Five million Hungarians are expected to have received at least their first jab on the week after the Pentecost holiday, the last week of May, the prime minister’s chief of staff said on Thursday.
“With this in sight, the cabinet will at its meeting next week discuss easing further pandemic-related restrictions,” Gergely Gulyás told his regular weekly press briefing held online.
Gulyás said that under the government’s plan, Hungarian citizens living abroad will also be entitled to receive a Hungarian immunity certificate.
Hungarian citizens inoculated against Covid-19 in any member state of the European Union, NATO or the OECD, and in Russia or China can apply to obtain a Hungarian immunity certificate after submitting a certificate of their inoculation to Hungarian authorities, he said.
Thanks to using both Western and Eastern vaccines, Hungary’s vaccination plan is one or two months ahead of other European countries, the prime minister’s chief of staff told a regular press briefing on Thursday.
“Although restrictions regarding immunity certificates will remain in place until August, we may have a relatively normal summer,” Gergely Gulyás said.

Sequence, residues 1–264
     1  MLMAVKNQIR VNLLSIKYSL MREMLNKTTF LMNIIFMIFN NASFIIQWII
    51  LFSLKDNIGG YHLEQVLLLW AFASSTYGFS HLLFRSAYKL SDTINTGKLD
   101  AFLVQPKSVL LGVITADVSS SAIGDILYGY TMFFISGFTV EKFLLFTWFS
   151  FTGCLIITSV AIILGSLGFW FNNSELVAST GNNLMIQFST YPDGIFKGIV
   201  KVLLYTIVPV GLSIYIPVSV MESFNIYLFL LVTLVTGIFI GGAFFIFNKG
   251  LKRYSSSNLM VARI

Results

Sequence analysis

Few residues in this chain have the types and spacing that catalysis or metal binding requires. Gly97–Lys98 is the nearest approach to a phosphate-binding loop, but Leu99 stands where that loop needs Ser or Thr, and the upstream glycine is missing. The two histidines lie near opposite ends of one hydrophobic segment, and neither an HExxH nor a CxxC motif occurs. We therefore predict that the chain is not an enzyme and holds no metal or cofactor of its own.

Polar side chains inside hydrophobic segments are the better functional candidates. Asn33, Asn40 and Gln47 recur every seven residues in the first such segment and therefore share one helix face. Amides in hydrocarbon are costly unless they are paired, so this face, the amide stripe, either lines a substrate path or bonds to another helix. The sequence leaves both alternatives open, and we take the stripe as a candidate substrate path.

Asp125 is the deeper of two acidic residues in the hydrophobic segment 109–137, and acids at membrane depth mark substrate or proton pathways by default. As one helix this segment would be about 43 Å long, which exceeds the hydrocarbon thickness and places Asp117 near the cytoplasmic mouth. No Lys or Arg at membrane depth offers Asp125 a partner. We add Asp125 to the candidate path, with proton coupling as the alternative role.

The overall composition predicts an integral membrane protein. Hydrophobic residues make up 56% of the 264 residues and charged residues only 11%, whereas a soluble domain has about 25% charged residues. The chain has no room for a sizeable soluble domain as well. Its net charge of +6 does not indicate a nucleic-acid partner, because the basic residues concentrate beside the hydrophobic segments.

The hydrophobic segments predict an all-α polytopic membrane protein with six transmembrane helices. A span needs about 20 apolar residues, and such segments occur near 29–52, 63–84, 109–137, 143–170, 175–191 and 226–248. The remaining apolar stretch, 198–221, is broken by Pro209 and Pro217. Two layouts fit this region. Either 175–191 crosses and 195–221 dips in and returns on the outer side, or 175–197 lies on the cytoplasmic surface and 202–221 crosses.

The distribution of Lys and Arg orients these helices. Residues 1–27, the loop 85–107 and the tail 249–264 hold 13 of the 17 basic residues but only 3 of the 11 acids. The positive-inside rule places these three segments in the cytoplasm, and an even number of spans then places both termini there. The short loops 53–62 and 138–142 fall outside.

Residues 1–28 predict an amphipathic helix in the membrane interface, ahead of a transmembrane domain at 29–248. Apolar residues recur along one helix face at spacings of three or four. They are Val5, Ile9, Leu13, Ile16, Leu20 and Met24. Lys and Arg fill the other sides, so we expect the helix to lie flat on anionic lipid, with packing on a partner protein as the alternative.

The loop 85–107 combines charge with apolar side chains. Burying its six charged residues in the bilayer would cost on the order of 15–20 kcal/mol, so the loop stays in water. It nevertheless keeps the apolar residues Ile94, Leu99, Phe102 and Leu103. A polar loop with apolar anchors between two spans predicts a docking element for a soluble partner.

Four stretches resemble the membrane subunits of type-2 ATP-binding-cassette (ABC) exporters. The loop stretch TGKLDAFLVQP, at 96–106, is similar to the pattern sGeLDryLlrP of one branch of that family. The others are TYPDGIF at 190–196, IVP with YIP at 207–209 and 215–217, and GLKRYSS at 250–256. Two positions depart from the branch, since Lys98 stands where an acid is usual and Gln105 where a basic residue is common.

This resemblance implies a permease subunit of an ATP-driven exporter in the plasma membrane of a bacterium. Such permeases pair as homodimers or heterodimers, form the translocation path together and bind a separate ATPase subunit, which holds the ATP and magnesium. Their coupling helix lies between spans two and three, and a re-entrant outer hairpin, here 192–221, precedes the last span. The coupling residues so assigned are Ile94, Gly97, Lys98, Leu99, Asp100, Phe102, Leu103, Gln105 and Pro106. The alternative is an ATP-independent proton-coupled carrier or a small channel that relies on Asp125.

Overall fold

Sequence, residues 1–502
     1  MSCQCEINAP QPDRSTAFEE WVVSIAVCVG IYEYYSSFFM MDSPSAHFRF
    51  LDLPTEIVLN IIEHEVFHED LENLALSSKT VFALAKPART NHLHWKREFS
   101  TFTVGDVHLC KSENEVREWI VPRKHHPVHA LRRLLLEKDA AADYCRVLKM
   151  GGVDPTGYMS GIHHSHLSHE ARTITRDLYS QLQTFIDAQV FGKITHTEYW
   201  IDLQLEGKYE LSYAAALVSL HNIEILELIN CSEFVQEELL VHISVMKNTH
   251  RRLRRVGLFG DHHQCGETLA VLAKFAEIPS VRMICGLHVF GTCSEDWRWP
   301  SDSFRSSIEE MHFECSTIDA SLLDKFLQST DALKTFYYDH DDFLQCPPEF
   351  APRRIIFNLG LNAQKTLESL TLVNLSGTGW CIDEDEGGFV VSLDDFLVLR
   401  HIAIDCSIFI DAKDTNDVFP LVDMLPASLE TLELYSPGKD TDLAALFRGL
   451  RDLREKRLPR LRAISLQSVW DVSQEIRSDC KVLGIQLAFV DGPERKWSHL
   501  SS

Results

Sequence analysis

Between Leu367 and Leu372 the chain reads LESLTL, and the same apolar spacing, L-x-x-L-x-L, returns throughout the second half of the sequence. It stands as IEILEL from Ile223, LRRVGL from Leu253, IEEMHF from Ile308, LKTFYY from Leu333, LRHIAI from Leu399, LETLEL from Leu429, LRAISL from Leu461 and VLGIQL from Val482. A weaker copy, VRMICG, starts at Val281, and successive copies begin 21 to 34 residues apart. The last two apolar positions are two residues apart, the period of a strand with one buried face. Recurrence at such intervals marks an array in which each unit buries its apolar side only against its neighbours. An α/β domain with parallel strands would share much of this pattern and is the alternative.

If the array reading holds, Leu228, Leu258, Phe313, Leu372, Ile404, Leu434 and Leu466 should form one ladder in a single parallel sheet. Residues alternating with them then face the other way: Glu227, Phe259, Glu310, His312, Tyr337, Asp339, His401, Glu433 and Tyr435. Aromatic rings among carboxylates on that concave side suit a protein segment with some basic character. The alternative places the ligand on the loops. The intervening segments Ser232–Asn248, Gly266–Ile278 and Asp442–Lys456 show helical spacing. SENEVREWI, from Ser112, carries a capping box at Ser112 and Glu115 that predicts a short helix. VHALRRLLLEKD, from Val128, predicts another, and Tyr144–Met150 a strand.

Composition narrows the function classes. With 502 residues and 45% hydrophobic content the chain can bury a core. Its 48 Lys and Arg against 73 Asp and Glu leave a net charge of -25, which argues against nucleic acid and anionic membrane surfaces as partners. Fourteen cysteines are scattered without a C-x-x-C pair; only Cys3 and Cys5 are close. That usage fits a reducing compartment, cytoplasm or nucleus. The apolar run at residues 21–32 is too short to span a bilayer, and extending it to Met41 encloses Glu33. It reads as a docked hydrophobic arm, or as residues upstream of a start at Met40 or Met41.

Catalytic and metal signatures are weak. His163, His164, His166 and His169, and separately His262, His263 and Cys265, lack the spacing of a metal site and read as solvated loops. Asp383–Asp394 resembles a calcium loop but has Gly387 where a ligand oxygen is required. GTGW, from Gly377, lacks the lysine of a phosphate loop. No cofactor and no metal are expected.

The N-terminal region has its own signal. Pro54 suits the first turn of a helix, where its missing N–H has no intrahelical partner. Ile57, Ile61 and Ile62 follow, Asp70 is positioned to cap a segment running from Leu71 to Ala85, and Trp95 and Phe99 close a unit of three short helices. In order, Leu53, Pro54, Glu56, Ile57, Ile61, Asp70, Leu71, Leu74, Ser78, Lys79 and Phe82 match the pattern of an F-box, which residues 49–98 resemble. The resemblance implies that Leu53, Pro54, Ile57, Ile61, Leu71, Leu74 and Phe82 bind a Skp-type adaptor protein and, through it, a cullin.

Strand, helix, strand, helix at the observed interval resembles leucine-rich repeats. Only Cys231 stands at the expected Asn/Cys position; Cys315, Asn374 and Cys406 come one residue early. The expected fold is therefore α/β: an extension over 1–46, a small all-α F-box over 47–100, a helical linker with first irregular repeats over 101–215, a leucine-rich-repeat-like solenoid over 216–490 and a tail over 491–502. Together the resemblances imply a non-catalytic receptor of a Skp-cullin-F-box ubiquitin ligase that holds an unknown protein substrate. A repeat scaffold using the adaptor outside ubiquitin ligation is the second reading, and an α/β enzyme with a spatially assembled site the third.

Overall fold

Those only accepting Western vaccines will also be inoculated by end of June the latest, Gulyás said.
Five million people have registered for vaccination already, and another 260,000 people working in health care and law enforcement, as well as the residents of elderly care homes, have been vaccinated without registration, he said.
Gulyás noted the WHO’s decision to recommend the Chinese Sinopharm vaccine for emergency use, saying the decision “vindicated” Hungary’s use of the vaccine as a safe and tested substance that provides the necessary protection.
The Hungarian government trusts that the European Union will quickly approve its plan for the use of the EU’s recovery fund to allow a speedy restart of the economy, Gergely Gulyás, the prime minister’s chief of staff, told a regular press briefing on Thursday.
The government’s plan on using the funds received through the EU’s Recovery and Resilience Facility (RFF), which the government submitted to the EU at the end of April, will be published on the government’s website within a few days, Gulyás said.
The main objectives remain the same, with 34 percent of the funds going towards health-care development, Gulyás said. Education, another high-priority sector, will get over 20 percent of the funds, he added.
The RFF monies will serve to boost growth and competitiveness, he said.